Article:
Old 03-12-2006, 03:29 PM
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Default Re: Buddy Rich on Bonham

Quote:
Originally Posted by Pete Stoltman
Curiousity got the best of me and did a little searching. Without having to dig too deep I found that Buddy and his band played the Fillmore East on Oct. 4,1968 and Jan. 17,1969. He also played Fillmore West on March 12, 1970. There may have been other dates but those were the ones that I found. Interestingly, also spotted a listing for Count Basie at the Fillmore West on Aug. 21 & 22 1967. A real surprise was seeing the amazing vibist Gary Burton sharing the bill with Cream and Electric Flag in 67. Bill Graham obviously had a very eclectic sense of booking.
I stand corrected. I just never heard about it. Perhaps the reason BB King, Albert King, . Albert Collins, and others benefited more from appearing at rock shows is the obvious relationship of the blues and rock music. Many rock acts were playing their versions of great blues tunes. I would imagine Buddy blew away a few concert goers and generated some record sales in the process.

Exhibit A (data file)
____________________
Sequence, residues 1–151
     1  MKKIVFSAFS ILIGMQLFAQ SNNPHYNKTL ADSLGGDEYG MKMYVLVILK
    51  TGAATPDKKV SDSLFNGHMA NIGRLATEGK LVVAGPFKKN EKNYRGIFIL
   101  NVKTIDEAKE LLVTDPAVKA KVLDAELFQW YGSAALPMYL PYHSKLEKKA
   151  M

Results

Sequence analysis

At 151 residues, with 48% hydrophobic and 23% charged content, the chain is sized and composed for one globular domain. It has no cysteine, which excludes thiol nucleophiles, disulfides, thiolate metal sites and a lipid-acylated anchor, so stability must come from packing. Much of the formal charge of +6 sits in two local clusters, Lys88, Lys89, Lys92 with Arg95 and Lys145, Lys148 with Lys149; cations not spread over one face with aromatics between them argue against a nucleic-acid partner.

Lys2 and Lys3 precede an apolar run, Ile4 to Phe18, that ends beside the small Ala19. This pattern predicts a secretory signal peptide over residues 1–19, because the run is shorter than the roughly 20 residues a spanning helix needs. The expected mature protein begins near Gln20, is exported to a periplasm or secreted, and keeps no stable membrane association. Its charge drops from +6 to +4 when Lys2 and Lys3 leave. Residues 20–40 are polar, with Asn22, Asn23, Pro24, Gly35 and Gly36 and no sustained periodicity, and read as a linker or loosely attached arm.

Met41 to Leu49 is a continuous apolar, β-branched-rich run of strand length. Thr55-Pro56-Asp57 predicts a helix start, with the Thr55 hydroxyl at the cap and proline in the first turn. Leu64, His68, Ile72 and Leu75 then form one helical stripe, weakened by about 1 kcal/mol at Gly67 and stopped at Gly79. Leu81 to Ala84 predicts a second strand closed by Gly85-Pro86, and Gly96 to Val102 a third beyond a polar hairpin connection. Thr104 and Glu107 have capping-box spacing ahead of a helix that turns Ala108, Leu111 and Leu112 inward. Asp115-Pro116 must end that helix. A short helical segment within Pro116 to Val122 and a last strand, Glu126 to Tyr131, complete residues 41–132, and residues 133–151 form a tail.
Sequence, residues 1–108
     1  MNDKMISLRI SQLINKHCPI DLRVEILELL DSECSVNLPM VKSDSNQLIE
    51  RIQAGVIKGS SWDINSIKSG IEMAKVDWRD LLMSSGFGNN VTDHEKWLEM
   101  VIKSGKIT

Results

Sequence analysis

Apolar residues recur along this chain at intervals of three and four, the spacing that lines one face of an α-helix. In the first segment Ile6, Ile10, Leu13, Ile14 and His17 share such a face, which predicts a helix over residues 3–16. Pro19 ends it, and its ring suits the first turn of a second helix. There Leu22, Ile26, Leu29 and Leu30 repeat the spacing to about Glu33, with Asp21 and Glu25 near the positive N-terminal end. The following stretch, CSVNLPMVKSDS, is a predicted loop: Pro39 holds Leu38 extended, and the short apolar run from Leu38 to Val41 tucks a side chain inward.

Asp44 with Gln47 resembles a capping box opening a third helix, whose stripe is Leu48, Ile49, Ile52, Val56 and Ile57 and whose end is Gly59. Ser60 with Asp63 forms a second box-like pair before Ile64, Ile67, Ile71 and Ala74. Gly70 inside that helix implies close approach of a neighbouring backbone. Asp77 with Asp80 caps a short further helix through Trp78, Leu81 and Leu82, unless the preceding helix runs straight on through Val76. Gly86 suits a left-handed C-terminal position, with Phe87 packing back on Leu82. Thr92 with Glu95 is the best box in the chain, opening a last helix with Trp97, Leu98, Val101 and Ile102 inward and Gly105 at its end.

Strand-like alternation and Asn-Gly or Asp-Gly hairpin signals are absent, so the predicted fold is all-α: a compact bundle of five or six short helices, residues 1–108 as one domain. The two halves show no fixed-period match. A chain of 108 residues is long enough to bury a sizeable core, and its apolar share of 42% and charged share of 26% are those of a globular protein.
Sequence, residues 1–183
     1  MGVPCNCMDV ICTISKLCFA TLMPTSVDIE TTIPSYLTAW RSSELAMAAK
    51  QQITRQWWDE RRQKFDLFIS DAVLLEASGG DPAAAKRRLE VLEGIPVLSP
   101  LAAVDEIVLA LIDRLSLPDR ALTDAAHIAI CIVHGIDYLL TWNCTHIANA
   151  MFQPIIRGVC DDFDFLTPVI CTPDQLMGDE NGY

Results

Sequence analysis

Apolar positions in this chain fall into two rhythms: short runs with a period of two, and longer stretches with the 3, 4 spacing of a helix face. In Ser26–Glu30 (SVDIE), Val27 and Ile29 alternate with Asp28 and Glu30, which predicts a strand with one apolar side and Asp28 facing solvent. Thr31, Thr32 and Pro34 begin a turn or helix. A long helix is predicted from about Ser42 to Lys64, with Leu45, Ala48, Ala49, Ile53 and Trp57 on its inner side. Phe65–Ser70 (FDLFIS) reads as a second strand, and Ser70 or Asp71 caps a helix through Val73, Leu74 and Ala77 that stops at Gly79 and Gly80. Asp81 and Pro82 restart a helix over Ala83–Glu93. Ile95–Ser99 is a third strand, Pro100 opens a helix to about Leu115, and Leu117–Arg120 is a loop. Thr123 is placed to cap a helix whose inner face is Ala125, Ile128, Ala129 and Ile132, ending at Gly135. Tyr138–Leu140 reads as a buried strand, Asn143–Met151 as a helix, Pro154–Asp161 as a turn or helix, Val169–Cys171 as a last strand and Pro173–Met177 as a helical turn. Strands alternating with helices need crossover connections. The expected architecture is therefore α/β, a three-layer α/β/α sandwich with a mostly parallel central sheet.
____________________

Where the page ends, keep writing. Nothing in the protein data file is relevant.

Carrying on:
This has been a very good thread...
Matt
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  #291  
Old 03-16-2006, 07:30 AM
macktavish macktavish is offline
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Default Re: The Grand Master Buddy Rich

When I first got into Buddy, I was amazed by his solos, but now I focus on how musical he was and the way he kicked the band. In my opinion, Buddy was as great a musician as he was a soloist. Check out Buddies Big Band at the Montreaux Jazz Festival (on DVD). To me that is some of his best playing.. He had everything great time, dynamics, musical sensitivity, and creativeness. Another tune I love...just pure swing no solos, is Big Swing Face on the album by the same name.